It's been an interesting musical weekend. On Friday night, I attended a concert consisting of one man and his guitar, occasionally set aside for a piano. No background singer. No bass player. No fanfare. Just a one man band in the midst of an elegant theatre.
Livingston Taylor is an interesting guy. That's him at the right. He will play a poignant piece, or a medley of interpretations from "Oklahoma" and follow it all up with a quirky comedic number. Much of his banter between songs reminded me more of an odd college professor than a tender-hearted poet. His humorous asides seemed so out of place at times, but then again here is a guy who played a beautiful number on the piano about pitch, yaw and the Wright Brothers followed by a quick tune about the upcoming intermission which would probably end about the time the CD sales in the lobby slowed down.
He's not exactly a well-known performer. In many circles, he's simply a footnote to his famous brother, James Taylor. But that sells Livingston short. At times during the show I found myself wearing a goofy contented smile, just wrapped up in the sound of a man and an instrument.
The atmosphere was different on Saturday night. My wife and I sat in a somewhat smoky bar and grill listening to an oldies rock and blues band. This wasn't just any oldies rock and blues band. This band is fronted by my mother-in-law. I realize that may sound strange to many, but it's old hat to me. Hey, I've known my mother-in-law longer than I've known my wife!
Besides, the band is good. My mother-in-law is a good singer too. They play every weekend at clubs and fairs around that area and have a pretty good following. I haven't spend an evening in a bar for a while, so it was an interesting change of pace. Of course I knew most of the songs Saturday night where the evening before it was rare that I had heard the tune before the performance.
Then this morning during our worship service, we had a guest performer. A high school junior, this boy did two numbers on the piano and two other tunes on the accordian. Yes, I said the accordian. I'm not a big accordian freak, to say the least. Weird Al Yankovic, Lawrence Welk, assorted polka kings... what other use does this squeezable "concert in a box" possibly have?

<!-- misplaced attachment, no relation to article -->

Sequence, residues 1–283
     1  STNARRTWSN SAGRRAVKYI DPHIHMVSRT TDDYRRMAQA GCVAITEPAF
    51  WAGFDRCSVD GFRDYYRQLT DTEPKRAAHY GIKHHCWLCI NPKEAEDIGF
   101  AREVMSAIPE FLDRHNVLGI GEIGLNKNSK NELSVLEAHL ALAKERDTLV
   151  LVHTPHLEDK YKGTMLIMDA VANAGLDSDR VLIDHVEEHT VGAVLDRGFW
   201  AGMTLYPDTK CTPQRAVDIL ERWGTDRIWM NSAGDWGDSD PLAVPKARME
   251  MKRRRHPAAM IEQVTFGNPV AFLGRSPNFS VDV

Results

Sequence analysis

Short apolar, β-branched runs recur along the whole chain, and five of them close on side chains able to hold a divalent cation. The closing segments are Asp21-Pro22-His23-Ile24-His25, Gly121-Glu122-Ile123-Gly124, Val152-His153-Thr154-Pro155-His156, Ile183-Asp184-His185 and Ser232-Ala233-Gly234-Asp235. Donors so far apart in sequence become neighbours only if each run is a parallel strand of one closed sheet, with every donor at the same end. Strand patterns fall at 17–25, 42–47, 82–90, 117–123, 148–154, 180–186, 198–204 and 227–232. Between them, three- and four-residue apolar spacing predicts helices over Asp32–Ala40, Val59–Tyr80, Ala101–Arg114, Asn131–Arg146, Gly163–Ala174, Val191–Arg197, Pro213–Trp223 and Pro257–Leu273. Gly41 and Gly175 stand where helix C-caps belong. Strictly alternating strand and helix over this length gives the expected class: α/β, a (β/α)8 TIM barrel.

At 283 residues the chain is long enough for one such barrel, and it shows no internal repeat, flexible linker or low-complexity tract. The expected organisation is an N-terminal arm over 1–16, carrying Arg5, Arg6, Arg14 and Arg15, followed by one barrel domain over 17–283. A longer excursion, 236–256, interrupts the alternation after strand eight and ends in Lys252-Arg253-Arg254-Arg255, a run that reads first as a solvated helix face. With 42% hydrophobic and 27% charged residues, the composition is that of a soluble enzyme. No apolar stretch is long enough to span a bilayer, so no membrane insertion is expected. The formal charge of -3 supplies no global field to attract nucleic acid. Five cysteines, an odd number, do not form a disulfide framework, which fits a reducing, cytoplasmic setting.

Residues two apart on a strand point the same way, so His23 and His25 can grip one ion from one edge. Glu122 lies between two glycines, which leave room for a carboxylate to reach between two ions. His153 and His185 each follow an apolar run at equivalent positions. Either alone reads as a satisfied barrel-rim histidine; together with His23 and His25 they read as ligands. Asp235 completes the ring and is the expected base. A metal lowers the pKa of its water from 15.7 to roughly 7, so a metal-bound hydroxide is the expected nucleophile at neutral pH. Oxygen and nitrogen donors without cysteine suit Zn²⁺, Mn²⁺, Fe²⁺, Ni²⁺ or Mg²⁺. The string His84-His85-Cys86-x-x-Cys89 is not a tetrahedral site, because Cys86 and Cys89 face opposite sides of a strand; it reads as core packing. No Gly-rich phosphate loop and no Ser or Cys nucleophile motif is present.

The kid did well. He explained that he learned the accordian because his grandmother played it, so I could at least understand his attachment. He did a fine job too, playing His Eye Is On the Sparrow and How Great Thou Art. I'll admit though that I enjoyed his two piano numbers much more. Maybe it's because the accordian seems a little cheesy to me. I'm sure it's difficult to master, but overall the presentation of music on most other instruments is much more enjoyable to me. Then again, I'm not a big polka fan.
Music has always been a big part of my life. The ten years of my life spent working in radio found me immersed in music of all styles and helped form my rather ecclectic musical taste today. It also burned me out on a lot of overplayed pop and rock songs from the 80s. At times these days I retreat to some types of talk radio or classic radio programs to cleanse the palate, as it were.
Still I find it easiest to slip into a mode of worship with music. I sing, but I can't play any instrument worthy of public performance. I wish I could. There is something about being able to journey to a place where worship flows freely, or for that matter, where non-religious thoughts flow freely.
I don't have to mention just how divisive music can be also. You've heard the stories of churches splitting over the whole "hymns vs. choruses" war. But even in the secular marketplace there is a gap between die-hard country fans and hard-core rockers, even though there are similarities between the genres. Mostly I think it's a matter of what reaches the soul. I'm thankful that in one weekend my soul can be touched by a guy and a guitar, my mother-in-law singing rock and roll and a high school kid with an accordian. Thank you Lord for my easy-to-reach soul.